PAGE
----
means that the states have been inactive in this area. Over
the past two decades, a wide variety of export promotion
Weinrauch and Rao, 1974; Bilkey and Tesar, 1977; Czinkota
and Johnson, 1983; Kaynak and Kothari, 1984; Rabino, 1980;
strategies have been used. The activities explored in this article
are described below.

Reid, 1984; Seringhaus and Rosson, 1989). The difficulties that smaller firms encounter when they become involved in exporting have been characterized by Seringhaus and Rosson

Trade Shows/Fairs
(1989) as \u201cbarriers\u201d or \u201cinhibitors.\u201d
Seringhaus and Rosson (1991, p. 55) suggest that state
Trade shows take place at a fixed location overseas. Fairs
consist of multiple booths in a convention hall in which firms
EPOs can aid smaller firms in overcoming export barriers as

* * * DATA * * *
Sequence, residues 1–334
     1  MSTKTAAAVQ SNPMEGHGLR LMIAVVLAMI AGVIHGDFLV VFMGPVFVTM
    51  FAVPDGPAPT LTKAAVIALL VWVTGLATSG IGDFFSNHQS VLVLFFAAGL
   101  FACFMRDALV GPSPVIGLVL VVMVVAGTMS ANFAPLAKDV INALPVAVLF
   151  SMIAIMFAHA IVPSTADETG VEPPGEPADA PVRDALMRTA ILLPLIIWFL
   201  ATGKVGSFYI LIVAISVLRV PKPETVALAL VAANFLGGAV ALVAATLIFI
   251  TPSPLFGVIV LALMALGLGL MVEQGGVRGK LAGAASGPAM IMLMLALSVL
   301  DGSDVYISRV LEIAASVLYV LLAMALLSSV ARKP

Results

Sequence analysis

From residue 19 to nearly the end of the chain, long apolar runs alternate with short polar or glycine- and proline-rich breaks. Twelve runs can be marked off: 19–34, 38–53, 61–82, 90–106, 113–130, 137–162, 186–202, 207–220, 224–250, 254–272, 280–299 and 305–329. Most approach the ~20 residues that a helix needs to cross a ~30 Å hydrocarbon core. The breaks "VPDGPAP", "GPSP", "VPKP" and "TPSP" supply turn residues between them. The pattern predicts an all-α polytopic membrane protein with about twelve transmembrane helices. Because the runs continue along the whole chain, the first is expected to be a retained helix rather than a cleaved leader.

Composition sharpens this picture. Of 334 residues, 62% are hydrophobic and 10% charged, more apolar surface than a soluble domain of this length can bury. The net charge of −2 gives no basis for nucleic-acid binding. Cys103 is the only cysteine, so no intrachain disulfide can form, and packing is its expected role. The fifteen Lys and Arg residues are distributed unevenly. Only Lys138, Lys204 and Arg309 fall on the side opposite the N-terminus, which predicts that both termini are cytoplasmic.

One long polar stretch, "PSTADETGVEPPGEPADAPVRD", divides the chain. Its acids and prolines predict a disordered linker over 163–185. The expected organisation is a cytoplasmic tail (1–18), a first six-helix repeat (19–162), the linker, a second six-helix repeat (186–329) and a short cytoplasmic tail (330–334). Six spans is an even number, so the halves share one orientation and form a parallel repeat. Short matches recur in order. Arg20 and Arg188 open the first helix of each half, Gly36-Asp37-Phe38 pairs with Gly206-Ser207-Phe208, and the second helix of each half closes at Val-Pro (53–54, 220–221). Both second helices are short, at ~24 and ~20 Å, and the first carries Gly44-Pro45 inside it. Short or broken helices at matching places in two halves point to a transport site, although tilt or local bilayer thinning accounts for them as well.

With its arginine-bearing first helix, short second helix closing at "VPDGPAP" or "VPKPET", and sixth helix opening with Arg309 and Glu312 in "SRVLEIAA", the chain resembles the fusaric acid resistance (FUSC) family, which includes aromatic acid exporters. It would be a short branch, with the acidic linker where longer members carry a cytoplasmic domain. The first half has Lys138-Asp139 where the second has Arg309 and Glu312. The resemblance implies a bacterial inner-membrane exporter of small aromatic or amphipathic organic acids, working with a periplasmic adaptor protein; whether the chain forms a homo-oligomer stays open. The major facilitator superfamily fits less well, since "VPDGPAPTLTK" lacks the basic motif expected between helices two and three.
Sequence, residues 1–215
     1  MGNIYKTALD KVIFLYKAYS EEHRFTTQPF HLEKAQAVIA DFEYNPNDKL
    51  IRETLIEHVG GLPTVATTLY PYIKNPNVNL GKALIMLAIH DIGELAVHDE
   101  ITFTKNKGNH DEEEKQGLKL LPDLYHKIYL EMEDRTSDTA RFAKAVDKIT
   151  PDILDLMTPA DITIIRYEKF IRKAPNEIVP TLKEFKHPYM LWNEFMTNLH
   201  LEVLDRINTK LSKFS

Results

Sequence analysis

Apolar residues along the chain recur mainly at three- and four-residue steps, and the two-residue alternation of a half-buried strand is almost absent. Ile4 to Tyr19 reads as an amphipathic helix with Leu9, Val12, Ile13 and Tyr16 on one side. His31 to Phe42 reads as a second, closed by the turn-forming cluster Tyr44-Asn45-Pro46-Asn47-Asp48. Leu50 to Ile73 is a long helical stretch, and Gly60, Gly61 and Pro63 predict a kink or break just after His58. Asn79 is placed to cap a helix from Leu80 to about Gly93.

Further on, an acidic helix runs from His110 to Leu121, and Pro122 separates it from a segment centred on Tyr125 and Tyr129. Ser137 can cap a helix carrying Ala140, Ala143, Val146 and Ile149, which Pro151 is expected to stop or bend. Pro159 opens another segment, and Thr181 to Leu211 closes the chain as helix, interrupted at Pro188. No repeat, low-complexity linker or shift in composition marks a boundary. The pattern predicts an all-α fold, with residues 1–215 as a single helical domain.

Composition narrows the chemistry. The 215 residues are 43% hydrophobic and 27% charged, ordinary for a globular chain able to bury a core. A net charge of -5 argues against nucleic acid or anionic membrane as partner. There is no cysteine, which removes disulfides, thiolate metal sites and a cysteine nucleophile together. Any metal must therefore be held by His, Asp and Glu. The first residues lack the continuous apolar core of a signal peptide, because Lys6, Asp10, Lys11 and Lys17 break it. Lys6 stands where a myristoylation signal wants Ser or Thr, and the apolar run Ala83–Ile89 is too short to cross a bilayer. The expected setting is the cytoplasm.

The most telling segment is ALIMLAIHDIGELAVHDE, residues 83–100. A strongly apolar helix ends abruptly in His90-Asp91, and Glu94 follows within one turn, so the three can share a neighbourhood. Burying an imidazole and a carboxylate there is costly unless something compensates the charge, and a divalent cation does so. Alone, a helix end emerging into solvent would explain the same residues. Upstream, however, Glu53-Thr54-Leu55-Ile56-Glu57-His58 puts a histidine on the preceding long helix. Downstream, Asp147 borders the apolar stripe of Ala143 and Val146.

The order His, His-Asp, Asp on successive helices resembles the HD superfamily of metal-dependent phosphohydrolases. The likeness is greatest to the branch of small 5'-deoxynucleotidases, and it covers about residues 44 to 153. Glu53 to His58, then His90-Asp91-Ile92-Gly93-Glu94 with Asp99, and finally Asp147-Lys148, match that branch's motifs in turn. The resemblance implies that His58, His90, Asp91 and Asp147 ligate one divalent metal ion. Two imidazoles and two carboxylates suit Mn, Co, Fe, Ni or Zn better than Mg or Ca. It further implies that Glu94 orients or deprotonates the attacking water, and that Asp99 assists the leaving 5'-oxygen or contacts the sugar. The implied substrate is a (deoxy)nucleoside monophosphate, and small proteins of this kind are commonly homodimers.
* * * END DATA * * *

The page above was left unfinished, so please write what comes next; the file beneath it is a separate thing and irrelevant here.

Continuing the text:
they enter and expand into foreign markets. Dominguez and
exhibit their products anywhere from two days to two weeks
(Tanner, 1995). Trade shows provide ready-to-export firms
Cirigliano (1997, p. 35) argue that such assistance is vital
because \u201cexport-oriented policies have proven superior to in-
potential customers and contracts (Seringhaus and Rosson,
1989), and are, as a consequence, viewed favorably by manag-
ward-oriented policies in delivering both long-term economic
growth and quality of life indicators.\u201d
ers (Ramaswami and Yang, 1990, p. 202). Fairs allow potential
exporters to (1) sell products; (2) gain access to decision